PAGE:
Summing It Up:

These current events place as the top two influencers on interest rates in the upcoming few months, gearing toward the next year’s economic and market outlook; but to what degree? Will capital markets be as bad as they seem today, and are we headed for a recession? What will happen to commercial real estate? Let me make some predictions in financing for this election year, and beyond:

    • On one hand, because the flu season typically lasts 90 days, the Corona Virus’ impact should be significantly diminished by 2021.
    • We think the Russia-Saudi oil fight will subside in 2020.
    • On the other hand, if the virus turns out to be a recession trigger, indeed, that causes ongoing negative sentiment in business and investment, then we can expect banks, life companies, CMBS and credit unions to aggressively reduce exposure to CRE lending.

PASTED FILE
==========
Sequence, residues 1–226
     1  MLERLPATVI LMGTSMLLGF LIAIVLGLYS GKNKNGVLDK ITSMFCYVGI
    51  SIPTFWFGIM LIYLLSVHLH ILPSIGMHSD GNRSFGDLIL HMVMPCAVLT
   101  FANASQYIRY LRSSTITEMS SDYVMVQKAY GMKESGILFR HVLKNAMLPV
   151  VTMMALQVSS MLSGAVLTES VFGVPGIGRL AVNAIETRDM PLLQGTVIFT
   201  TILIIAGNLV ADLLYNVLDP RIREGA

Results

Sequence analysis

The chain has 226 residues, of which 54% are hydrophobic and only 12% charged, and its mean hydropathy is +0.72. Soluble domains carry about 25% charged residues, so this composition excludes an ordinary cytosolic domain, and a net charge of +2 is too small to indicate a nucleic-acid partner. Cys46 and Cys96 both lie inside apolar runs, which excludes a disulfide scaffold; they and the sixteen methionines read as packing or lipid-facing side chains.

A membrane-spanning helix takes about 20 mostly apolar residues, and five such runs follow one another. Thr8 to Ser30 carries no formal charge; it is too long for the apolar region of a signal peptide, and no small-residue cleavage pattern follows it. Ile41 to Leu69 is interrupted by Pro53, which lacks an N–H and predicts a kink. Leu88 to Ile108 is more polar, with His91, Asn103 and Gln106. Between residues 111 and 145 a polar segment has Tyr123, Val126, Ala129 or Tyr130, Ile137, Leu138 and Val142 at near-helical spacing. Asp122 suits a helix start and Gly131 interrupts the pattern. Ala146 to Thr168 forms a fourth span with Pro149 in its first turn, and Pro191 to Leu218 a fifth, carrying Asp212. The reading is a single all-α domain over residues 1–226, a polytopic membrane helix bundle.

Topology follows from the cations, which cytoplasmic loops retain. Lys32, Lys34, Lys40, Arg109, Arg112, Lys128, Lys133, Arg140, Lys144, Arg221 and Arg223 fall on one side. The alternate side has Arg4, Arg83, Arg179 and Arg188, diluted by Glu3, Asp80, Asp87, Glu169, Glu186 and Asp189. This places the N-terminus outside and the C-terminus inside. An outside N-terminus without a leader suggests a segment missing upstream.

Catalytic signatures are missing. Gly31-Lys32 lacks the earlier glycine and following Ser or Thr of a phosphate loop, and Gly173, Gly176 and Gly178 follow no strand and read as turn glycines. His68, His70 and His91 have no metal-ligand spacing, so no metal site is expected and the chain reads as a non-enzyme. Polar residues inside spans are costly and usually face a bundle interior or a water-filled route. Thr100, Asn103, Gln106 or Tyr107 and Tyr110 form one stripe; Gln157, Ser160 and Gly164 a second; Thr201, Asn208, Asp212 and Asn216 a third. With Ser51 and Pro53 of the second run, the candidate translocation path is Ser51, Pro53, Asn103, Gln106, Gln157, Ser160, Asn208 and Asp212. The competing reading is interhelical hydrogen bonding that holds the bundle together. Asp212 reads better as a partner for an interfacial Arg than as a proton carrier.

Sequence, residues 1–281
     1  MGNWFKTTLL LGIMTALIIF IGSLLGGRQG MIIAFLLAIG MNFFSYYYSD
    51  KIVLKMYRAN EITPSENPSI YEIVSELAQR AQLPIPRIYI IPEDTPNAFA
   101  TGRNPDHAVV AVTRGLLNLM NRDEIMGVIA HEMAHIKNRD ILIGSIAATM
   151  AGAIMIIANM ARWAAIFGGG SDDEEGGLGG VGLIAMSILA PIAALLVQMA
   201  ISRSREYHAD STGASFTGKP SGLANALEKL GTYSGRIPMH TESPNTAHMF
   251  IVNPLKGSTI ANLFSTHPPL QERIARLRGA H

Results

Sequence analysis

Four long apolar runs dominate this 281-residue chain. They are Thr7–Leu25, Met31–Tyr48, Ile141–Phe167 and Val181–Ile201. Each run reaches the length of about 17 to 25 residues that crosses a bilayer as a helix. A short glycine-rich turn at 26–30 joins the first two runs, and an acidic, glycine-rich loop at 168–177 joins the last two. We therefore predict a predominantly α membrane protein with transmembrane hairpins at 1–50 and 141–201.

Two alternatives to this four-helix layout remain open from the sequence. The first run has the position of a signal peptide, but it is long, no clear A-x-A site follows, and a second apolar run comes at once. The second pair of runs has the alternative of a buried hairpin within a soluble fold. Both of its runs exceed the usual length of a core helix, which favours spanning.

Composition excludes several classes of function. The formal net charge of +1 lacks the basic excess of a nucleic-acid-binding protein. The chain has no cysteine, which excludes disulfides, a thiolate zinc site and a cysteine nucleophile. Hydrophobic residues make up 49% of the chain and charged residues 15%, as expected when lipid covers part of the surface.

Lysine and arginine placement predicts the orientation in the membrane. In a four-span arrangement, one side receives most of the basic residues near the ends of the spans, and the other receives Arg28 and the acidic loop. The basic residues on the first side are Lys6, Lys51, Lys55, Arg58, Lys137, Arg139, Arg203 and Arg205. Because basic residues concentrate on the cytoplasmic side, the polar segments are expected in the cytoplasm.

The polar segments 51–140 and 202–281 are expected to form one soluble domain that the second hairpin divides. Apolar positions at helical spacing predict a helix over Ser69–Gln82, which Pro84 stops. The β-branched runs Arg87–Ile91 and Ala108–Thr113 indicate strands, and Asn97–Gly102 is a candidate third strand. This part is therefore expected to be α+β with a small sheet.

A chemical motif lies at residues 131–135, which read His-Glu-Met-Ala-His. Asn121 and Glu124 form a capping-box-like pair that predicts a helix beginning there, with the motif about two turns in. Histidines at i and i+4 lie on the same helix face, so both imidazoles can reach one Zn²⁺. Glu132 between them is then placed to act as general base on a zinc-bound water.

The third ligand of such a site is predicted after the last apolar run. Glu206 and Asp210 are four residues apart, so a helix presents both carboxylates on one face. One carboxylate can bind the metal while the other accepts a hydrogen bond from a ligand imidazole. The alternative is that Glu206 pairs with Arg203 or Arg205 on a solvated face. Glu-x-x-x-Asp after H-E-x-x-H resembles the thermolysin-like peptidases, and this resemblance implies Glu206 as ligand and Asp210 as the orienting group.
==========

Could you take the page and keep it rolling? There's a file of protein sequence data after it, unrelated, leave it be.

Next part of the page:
• Fewer more cautious lenders in the market would eventually drive borrowing rates higher, but for the current time we are in an historically competitive rate environment. If the economy returns to today’s recent up trend, then we can only wait (historically) for another economic shock or inflation to cause a needed rate adjustment.

The end of the story, as is always the case, is to keep your finger on the pulse of news and public policy. Adversity and decline always open up other—often unseen—opportunity. While ready availability opens up new ability. Whether interest rates rise or fall, our CUSO friends must weigh the risk of loan projects with diligence. During those decisions, we will always first lend you an ear. And I can do that personally over lunch or a cup of coffee.

“Extensia helps our company take out new loans, refinance existing loans, and even modify an interest rate to a more competitive level.”

– Extensia Repeat Borrower